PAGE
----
Fans of Amphibia didn’t have much of a wait for season 3, season 2 having ended in May of this year. Disney’s TV channels have had bizarre airing schedules for years, a source of perpetual frustration for me. It reminds me of Nickelodeon shuffling Legend of Korra’s airtimes and finally, unceremoniously switching it to an online exclusive. It feels like Disney doesn’t want these shows to do well when they shorten the final season of The Owl House down to three TV specials or air Amphibia’s season premiere at 10:30 p.m. While Amphibia has an online fanbase comprised of adults and older kids, I imagine much of its viewership has a bedtime. I just can’t get my head around this decision. Regardless, I’m glad the show is back and will (presumably) air a full season, unlike its pitiful cousin, The Owl House. One of my favorite aspects of Amphibia (and why I like it a smidge better than The Owl House) is the familial bond between Anne and the Plantars. They feel so much like a real, normal family despite the discrepancies in culture and species. The dynamic among Anne and her friends Sasha and Marcy (which is only briefly hinted at in “The New Normal”) is interesting, and I like it, too. In particular, the struggle between Sasha and Anne as the latter grows more of a backbone is compelling. In this sense, I find Anne very relatable as she learns where and how to set her boundaries with a friend who doesn’t respect her.
I really love the scene where Anne convinces her parents to shelter the Plantars by showing her dedication to and sense of responsibility for them. I can’t help but question why any decent parent wouldn’t want to help them after learning what they did for Anne in the intervening months, though. If it wasn’t for Hop Pop, Anne probably wouldn’t have survived half a year in a strange land, and her parents would never have seen her again. It was perhaps more important for the writers to show Anne’s loyalty than her parents’ generosity, but that just struck me as odd. Later, when Hop Pop attests to Anne’s changes in personality since she left home, it reinforces that their familial sentiments are a two-way street. As off-putting as it is, I also enjoyed the scene where King Andrias talks to the imprisoned, unconscious Marcy. A scene in the trailer seems to indicate some form of possession for Anne’s friend at the King’s hands, and I’m sorry, but I can’t wait. I like Marcy and don’t want her to get injured or killed. I assumed the latter after the events of “True Colors.” However, this is precisely the kind of spooky storytelling I like in my animated shows. I’m reminded of Echo’s circumstances when the boys found him in the Bad Batch arc of The Clone Wars.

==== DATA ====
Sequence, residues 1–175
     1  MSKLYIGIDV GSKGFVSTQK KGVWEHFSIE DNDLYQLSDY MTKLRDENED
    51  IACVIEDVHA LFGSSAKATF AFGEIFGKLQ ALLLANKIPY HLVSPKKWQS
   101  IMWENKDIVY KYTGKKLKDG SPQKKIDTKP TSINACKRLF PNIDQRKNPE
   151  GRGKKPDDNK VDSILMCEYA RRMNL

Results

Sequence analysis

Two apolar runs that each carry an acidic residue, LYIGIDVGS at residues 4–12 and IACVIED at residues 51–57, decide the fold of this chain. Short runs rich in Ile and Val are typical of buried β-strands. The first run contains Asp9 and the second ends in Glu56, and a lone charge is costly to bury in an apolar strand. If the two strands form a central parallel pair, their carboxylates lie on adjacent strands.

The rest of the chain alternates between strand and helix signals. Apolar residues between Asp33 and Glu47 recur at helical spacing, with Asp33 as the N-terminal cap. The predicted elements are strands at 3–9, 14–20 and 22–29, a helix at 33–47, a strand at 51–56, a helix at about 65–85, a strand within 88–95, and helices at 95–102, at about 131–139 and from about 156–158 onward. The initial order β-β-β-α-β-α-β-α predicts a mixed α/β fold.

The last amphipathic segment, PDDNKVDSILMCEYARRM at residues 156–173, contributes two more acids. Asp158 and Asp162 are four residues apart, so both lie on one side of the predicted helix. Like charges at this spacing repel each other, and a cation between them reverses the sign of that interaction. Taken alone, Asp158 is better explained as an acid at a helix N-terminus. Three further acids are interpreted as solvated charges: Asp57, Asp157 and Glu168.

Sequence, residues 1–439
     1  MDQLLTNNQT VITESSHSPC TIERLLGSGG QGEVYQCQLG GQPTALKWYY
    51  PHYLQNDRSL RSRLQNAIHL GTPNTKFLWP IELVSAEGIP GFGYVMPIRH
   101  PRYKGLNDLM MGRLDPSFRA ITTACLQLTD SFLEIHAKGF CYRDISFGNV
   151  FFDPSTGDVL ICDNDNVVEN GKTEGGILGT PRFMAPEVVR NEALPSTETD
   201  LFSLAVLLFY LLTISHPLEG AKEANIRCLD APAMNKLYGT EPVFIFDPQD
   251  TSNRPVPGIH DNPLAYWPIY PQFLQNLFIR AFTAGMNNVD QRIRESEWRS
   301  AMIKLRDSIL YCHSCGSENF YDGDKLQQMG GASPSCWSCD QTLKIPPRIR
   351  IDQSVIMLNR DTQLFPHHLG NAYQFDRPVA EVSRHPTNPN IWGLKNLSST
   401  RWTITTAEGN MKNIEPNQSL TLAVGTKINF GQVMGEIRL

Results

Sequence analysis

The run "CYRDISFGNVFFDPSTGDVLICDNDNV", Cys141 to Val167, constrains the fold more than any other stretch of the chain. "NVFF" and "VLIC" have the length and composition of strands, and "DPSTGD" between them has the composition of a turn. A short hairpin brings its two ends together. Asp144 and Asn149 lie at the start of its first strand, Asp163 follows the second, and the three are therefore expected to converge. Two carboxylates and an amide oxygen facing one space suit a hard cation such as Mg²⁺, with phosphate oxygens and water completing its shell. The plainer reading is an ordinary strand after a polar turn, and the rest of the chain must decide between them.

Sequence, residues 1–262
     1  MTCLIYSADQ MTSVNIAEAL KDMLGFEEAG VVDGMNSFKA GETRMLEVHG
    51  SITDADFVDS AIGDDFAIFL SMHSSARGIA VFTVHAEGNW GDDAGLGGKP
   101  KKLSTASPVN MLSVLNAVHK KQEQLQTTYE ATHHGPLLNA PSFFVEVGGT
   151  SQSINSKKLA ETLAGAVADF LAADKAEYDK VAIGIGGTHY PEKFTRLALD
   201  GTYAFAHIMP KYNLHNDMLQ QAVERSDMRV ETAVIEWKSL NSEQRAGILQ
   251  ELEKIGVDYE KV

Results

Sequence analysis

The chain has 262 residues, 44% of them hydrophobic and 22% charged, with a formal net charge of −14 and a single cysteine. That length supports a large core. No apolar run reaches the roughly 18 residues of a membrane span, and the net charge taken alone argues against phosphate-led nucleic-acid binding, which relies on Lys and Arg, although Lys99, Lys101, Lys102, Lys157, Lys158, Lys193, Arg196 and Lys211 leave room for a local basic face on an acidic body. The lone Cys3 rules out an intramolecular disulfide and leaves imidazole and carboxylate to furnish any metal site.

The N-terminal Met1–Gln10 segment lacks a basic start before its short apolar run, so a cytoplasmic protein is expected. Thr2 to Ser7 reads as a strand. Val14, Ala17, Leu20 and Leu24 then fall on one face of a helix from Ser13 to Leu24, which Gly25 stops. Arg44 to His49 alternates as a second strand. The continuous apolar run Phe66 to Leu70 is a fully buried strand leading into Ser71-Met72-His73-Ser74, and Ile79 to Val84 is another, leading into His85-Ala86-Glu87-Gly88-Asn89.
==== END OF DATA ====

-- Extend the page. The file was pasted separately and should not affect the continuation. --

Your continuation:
The display of Anne’s newly-realized powers is spectacular too, and I like that it noticeably weakens her to use them. She also remarks near the end that using them felt like a bad thing to do, which is interesting. Her fight with the frog-bot was short but effective at showing her new abilities, reiterating the threat posed by Andrias’ resources and exciting in its own right. Speaking of King Andrias, he’s voiced by none other than Keith David, one of my favorite voice actors. I first heard him in Gargoyles, and I’ve loved his deep, booming presence in Coraline, Princess and the Frog, and more. Amphibia creator and executive producer Matt Braly cites Gargoyles as one of numerous inspirations on his series, likely leading to David’s casting.
Overall, I think “The New Normal” is good. It doesn’t reinvent the wheel, and I have some questions about Anne’s parents. Nonetheless, the character interactions are good, and it sets up some terrifying possibilities going forward. If Disney can get their airing schedule in order, I’ll be delighted.